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Rifle
Evolution of the modern rifle: Top: Baker rifle, an early 19th-century flintlock rifle. Second: Pattern 1853 Enfield, a mid 19th-century caplock rifled musket. Third: Dreyse needle gun, the first standard issue military breechloading rifle. Fourth: Henry rifle, the first successful lever action repeating rifle. Fifth: Lebel Model 1886 rifle, a late 19th-century bolt-action rifle and the first to use smokeless powder. Sixth: M1 Garand, an early 20th-century semi-automatic rifle and the first to be adopted as standard military issue. Seventh: АК-47, a mid 20th-century gas-operated, magazine-fed automatic rifle. Eighth: FAMAS, a late 20th-century selective fire, bullpup assault rifle.A rifle is a portable long-barrelled firearm designed for precision shooting, to be held with both hands and braced against the shoulder during firing, and with a barrel that has a helical pattern of grooves ("rifling") cut into the bore walls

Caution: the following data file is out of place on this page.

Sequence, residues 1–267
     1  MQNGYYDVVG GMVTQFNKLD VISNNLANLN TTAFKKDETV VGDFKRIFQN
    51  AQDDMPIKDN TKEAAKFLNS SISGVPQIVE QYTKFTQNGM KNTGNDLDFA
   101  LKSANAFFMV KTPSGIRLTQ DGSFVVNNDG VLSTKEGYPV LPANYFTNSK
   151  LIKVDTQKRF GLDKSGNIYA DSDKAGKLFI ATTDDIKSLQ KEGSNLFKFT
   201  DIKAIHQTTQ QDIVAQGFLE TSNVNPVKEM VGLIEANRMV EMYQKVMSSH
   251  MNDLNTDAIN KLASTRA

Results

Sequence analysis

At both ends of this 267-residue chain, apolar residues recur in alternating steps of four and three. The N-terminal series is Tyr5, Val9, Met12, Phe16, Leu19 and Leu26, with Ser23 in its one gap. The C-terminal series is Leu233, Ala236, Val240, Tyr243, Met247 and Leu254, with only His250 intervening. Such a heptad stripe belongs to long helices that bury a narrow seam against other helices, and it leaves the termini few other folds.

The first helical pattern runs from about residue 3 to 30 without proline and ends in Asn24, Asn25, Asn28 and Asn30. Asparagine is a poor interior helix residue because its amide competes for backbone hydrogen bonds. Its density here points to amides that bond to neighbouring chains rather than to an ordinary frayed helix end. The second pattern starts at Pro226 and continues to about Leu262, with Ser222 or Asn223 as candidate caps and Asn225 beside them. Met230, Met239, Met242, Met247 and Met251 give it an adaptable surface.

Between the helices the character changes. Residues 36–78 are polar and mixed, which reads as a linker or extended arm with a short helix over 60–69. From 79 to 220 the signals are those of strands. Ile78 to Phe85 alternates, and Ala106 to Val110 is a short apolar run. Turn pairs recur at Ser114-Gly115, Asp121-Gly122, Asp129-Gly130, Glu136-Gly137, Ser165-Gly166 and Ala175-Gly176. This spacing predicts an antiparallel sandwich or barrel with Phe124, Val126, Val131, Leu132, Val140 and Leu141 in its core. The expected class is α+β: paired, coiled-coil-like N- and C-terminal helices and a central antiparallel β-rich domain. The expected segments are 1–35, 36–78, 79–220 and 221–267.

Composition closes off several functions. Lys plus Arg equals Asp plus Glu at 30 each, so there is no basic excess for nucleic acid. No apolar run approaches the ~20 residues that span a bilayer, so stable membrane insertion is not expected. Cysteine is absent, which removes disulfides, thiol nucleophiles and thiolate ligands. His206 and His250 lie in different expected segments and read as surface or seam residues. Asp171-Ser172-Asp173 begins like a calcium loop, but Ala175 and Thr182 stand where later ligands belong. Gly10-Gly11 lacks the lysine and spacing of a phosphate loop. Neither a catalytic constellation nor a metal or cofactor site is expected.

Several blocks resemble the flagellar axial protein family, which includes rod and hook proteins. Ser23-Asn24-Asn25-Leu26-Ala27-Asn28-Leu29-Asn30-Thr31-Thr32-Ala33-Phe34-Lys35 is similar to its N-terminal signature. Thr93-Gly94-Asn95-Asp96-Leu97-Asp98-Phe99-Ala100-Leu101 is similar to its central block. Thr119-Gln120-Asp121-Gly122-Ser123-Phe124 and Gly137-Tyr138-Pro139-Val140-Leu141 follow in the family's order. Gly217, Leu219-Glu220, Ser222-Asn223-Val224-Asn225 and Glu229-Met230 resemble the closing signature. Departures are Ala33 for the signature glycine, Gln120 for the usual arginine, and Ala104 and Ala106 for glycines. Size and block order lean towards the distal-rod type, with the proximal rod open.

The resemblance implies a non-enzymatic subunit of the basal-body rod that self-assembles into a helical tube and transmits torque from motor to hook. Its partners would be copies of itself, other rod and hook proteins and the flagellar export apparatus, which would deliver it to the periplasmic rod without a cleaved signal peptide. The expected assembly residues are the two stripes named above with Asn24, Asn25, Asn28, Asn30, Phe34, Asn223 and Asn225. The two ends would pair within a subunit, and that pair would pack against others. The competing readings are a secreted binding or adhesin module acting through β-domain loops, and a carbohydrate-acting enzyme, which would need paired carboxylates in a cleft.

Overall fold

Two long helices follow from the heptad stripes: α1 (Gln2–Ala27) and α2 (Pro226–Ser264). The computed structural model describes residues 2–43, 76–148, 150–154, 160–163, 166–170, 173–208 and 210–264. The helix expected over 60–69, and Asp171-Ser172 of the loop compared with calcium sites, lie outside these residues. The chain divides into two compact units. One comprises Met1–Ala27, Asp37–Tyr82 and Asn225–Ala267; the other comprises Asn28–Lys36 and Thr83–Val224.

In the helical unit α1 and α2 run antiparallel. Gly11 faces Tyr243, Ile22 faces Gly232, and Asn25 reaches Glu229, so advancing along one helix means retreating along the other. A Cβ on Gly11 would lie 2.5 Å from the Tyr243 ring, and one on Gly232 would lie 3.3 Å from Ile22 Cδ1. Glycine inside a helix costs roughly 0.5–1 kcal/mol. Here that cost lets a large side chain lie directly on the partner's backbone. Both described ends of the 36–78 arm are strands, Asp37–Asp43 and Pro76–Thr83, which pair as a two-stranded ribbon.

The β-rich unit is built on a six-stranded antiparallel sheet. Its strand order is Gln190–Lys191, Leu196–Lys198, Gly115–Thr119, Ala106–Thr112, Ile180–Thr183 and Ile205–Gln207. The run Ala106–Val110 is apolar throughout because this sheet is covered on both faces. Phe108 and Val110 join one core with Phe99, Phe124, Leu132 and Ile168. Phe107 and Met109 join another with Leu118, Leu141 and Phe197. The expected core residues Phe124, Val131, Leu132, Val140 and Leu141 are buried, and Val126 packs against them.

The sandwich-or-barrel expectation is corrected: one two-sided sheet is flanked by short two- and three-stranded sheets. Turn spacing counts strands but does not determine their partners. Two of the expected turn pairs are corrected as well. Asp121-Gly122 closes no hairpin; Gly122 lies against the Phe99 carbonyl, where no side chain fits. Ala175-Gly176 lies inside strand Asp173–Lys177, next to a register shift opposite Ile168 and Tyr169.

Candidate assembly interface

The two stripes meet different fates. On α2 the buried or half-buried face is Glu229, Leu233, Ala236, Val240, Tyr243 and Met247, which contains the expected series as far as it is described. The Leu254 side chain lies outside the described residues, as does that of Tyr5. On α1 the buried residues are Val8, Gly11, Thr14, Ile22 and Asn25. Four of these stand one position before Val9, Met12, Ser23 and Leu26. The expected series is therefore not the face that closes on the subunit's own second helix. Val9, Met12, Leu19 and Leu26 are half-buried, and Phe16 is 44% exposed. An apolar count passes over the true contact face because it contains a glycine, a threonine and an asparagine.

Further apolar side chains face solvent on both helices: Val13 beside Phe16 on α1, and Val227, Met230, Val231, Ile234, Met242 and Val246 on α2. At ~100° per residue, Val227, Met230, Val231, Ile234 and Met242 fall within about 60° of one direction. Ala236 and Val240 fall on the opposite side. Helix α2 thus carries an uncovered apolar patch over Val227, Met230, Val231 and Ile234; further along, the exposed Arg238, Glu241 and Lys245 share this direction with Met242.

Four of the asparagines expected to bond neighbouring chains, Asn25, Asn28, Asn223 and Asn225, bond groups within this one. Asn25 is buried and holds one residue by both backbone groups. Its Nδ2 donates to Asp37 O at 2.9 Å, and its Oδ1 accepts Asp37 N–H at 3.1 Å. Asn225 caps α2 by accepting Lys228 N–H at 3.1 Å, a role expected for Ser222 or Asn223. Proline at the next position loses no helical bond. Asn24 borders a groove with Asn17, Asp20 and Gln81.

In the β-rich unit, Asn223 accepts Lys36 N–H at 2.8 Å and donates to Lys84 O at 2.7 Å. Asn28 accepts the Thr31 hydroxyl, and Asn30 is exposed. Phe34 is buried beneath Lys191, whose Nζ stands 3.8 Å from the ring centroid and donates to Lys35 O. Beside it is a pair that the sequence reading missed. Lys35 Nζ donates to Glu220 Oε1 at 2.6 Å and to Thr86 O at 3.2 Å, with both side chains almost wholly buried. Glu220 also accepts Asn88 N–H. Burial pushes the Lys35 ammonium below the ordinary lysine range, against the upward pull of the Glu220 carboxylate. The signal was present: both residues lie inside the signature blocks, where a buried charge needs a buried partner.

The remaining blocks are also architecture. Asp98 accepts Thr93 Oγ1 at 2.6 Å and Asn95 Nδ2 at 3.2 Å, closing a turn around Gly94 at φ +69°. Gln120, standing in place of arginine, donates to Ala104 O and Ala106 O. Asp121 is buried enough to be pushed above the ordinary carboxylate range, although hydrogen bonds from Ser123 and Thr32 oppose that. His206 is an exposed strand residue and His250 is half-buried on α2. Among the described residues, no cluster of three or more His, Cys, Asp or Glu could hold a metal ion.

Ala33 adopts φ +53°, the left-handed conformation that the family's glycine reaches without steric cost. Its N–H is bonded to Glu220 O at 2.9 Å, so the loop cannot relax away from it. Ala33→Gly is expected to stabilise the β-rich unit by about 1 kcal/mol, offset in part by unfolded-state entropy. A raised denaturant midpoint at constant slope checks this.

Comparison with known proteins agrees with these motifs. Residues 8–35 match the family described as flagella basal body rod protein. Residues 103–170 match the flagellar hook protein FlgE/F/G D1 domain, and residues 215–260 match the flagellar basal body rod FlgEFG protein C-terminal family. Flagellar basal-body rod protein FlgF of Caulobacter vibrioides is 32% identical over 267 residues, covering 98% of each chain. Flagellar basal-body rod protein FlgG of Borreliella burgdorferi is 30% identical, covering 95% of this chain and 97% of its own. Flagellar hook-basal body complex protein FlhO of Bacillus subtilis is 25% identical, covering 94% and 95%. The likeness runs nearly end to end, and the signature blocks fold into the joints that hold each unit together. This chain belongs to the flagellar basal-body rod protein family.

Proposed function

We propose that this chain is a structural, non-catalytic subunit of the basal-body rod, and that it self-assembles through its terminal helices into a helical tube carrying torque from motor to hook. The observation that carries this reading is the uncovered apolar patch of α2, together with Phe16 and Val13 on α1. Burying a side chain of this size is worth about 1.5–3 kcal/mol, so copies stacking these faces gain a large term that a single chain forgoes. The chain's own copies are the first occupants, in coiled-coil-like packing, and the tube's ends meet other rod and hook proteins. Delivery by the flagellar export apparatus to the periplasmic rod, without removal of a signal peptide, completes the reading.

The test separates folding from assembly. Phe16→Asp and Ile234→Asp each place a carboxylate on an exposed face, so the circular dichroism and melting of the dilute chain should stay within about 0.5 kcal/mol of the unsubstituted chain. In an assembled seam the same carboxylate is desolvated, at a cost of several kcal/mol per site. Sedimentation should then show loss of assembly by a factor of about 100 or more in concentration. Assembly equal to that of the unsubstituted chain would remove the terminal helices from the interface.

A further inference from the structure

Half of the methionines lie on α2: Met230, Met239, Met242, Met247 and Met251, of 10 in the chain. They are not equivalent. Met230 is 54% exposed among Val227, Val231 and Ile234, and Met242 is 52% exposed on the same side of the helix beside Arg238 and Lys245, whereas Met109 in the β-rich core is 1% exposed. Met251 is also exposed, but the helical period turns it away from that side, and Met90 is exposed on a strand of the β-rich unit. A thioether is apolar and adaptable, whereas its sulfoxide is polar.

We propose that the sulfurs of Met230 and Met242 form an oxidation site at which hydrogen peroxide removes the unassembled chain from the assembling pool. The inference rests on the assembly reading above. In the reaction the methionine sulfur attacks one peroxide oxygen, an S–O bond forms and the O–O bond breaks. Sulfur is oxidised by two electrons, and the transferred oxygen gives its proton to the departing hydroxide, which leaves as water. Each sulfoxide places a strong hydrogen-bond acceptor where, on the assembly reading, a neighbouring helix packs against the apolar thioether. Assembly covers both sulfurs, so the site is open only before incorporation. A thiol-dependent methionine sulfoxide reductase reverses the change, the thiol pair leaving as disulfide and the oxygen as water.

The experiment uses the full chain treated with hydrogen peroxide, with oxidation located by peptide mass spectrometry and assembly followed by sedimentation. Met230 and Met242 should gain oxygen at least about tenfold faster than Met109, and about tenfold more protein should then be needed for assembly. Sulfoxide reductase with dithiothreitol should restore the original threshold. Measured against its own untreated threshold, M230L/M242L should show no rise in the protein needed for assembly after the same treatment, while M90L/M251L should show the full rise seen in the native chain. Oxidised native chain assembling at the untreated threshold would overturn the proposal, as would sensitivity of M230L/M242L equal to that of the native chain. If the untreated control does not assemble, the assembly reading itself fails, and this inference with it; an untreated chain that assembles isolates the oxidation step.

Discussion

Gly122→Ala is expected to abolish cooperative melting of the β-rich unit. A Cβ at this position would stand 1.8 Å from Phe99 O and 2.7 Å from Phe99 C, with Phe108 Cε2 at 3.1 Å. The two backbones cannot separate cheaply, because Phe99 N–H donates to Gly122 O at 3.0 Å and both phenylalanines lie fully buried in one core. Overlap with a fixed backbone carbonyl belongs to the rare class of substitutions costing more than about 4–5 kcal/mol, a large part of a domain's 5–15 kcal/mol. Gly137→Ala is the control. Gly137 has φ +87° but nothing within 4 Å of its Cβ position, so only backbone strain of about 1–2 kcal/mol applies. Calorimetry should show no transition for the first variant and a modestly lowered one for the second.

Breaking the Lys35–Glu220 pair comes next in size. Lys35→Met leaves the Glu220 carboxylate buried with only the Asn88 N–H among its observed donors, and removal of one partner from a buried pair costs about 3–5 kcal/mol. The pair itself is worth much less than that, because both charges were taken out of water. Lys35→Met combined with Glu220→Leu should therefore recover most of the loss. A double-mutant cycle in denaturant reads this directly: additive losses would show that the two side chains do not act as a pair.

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Gas-operated Reloading
Gas-operation is a system of operation used to provide energy to operate autoloading firearms. In gas operation, a portion of high-pressure gas from the cartridge being fired is used to power a mechanism to extract the spent case and insert a new cartridge into the chamber. Energy from the gas is harnessed through either a port in the barrel or a trap at the muzzle. This high-pressure gas impinges on a surface such as a piston head to provide motion for unlocking of the action, extraction of the spent case, ejection, cocking of the hammer or striker, chambering of a fresh cartridge, and locking of the action
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War
War
War
is a state of armed conflict between states or societies. It is generally characterized by extreme aggression, destruction, and mortality, using regular or irregular military forces. An absence of war is usually called "peace". Warfare refers to the common activities and characteristics of types of war, or of wars in general.[1] Total war is warfare that is not restricted to purely legitimate military targets, and can result in massive civilian or other non-combatant suffering and casualties. While some scholars see war as a universal and ancestral aspect of human nature,[2] others argue it is a result of specific socio-cultural or ecological circumstances.[3] The deadliest war in history, in terms of the cumulative number of deaths since its start, is World War